The IT avalanche: How the ski industry does IT

How do they do IT: The Australian ski industry

Ask someone to conjure up their ideal image of winter and many here in this country will give you a picture of a slightly cooler version of summer. Ask others and a vivid picture of falling snow flakes, icicles hanging of chalet roofs, powder filled ski fields and a great way to get away from work during the mid-year will come to mind. It’s that latter image that Australia’s ski industry banks on in a frenzied 17-week burst of activity between June and October every year.

Frenzied, is probably an understatement. According to the Australian Ski Areas Association (ASAA), there were some 1.149 million ‘skier days’ — one person purchasing a lift ticket for one day's skiing or snowboarding — in the 2009 season.

While the alpine tourism industry represents just two per cent of the total Australian tourism activity, as of 2006 according to the ASAA, it has been successful in capturing a strong showing of domestic visitors — some 3.1 million — who annually flock to the Alps for the winter. It also adds around $1.3 billion to the national gross product and over 12,739 annual equivalent jobs during winter.

While the alpine region of Australia’s south with its mountainous terrain, snow and ski fields may be a great escape from the grind of work for the tourists, it’s far from a winter wonderland for the staff — particularly in the IT department.

Among the challenges the IT departments of the resorts which dot the region must overcome are high fluctuations in staff numbers, strong competition between resorts in an escalating war of high-tech services and facilities to attract guests, providing connectivity in regional and remote locations, and environmental concerns, to name but a few.

Mass migration

As you’d imagine a key feature of this highly seasonal business is the mass migration of young, unskilled staff — in a phrase, Gen Ys — to ski resorts looking to earn a buck and have a good time, and not necessarily in that order. As many of these staff are new every season, there’s a significant cost to resorts in having to train up recruits well before a single dollar is earned.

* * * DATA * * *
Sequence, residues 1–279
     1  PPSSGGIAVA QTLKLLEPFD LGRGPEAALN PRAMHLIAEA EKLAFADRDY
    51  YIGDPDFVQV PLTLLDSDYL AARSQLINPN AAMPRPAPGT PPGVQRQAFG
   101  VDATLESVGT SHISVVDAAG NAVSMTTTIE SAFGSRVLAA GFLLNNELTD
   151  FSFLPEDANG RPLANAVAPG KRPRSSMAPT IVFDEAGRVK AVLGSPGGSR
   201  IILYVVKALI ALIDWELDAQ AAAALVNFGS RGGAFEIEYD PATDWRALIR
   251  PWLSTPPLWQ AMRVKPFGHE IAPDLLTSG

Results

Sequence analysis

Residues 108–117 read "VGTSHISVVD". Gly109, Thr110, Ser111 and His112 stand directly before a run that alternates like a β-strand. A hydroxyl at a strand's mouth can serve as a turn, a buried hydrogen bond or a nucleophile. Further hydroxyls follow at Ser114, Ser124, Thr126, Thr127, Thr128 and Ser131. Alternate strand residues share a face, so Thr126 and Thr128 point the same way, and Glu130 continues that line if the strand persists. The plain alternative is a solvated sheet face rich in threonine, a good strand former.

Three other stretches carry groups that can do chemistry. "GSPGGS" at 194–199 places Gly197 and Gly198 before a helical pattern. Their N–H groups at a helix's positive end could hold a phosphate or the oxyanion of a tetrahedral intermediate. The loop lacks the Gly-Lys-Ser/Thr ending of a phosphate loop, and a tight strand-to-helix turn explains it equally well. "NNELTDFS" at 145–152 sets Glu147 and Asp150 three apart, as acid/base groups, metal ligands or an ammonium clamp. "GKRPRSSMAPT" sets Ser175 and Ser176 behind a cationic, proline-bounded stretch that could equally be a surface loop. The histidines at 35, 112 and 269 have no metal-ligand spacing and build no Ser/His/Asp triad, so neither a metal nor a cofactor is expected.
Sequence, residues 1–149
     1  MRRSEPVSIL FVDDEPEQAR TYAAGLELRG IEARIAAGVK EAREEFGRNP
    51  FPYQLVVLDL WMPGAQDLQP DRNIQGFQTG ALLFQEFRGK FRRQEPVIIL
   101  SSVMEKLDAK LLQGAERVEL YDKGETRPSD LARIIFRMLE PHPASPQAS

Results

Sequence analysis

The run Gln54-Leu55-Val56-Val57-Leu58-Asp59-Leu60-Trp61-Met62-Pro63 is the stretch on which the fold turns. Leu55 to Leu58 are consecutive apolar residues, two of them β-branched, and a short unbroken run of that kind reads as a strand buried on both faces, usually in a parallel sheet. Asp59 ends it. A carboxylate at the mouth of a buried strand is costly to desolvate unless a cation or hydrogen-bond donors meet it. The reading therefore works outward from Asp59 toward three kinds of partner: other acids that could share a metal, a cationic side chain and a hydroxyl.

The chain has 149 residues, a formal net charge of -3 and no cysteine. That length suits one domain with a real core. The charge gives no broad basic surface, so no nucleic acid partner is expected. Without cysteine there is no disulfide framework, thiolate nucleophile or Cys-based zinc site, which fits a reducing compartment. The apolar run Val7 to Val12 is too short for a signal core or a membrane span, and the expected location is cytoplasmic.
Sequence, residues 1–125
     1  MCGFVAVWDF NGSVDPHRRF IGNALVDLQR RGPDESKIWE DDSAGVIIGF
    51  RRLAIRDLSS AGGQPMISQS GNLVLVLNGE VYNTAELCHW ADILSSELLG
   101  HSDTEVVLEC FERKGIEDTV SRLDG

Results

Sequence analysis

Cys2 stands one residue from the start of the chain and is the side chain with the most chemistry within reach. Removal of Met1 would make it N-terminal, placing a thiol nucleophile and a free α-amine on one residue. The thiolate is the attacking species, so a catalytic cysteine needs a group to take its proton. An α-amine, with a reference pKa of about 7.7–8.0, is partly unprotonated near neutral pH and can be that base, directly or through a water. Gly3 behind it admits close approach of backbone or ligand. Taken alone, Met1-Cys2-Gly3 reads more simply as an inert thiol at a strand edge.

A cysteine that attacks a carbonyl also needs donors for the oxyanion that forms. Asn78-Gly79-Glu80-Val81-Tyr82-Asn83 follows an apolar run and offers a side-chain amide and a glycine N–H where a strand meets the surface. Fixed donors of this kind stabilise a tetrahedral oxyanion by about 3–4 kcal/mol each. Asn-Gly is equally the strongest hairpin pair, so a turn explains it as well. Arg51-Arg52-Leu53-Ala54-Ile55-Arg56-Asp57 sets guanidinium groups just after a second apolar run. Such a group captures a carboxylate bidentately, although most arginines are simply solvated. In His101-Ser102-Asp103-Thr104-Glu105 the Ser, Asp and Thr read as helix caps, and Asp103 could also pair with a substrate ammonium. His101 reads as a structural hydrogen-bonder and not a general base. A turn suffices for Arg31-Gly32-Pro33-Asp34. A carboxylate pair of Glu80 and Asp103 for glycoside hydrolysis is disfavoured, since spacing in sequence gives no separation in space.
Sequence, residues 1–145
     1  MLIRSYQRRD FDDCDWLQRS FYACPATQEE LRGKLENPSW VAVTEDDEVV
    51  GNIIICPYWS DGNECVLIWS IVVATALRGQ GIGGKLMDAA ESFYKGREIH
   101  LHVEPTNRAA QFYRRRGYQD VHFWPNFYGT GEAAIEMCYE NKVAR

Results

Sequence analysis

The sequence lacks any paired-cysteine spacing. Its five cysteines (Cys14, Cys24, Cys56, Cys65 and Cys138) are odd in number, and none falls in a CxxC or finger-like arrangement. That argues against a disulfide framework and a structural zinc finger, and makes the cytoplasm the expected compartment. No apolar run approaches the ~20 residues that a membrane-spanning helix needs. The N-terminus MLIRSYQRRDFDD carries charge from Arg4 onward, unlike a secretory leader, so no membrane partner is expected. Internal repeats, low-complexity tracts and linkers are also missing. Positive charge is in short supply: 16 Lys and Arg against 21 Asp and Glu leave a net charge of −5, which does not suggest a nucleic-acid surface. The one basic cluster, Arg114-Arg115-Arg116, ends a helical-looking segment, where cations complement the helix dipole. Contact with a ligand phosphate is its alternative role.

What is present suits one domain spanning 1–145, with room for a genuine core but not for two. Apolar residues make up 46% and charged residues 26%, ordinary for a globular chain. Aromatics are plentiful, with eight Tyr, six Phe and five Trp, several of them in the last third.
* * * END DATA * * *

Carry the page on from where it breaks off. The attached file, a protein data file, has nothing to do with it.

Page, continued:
Giving a sense of the scale, Perisher ICT manager, Michael Fanning, says his organisation — which manages the resources and facilities of Perisher Valley, Smiggin Holes, Mount Blue Cow, Guthega, the Station Resort and the Skitube Alpine Railway — goes from a permanent staff of 140 off-season to anywhere up to 1500 in peak season.

To address this challenge Fanning has turned to technology and is this year introducing online training to cut down on the time and cost of training a staff member who will ultimately only be with the organisation for three or four months. The system is a combination of video and text completely delivered over the web, offering in the process more consistent content delivery.

“Before it was all manually done and conducted one day a week over seven weeks. It took three HR staff and often the CEO and the heads of all the departments had to go down to train staff as well,” Fanning says.

“Inductees used to have to come on site before they could begin training, but now they can do it off site and in their own time. Once they are on site they not longer have to take time out of their day to be trained when they really should be out greeting guests or operating a lift. We are saving time and money and are returning those back to the business.”

On top of the training, hundreds of new staff every season must be integrated into the organisation’s ICT infrastructure through new user accounts with varying levels of permissions, Fanning says.

To speed this up, the organisation has moved to an electronic form, replacing what was a two day on-site paper-based process. Now, not only can new staff fill in the form before they arrive on site, but the electronic forms capture more information, and more accurately allow the IT department to better assess what the employees access requirements are.

“The biggest challenge we face every year is the influx of IT users,” Fanning explains. “We go from an off season situation where we might add one or two users a month to in two months we have to add close to 500 new users. That is a massive effort.

“We have embraced Windows scripting — PowerShell — and we are working toward being able to create multiple users at the same time. If you have 15 ski lift operators they will all have the same level of access and permissions, just the names are different.”

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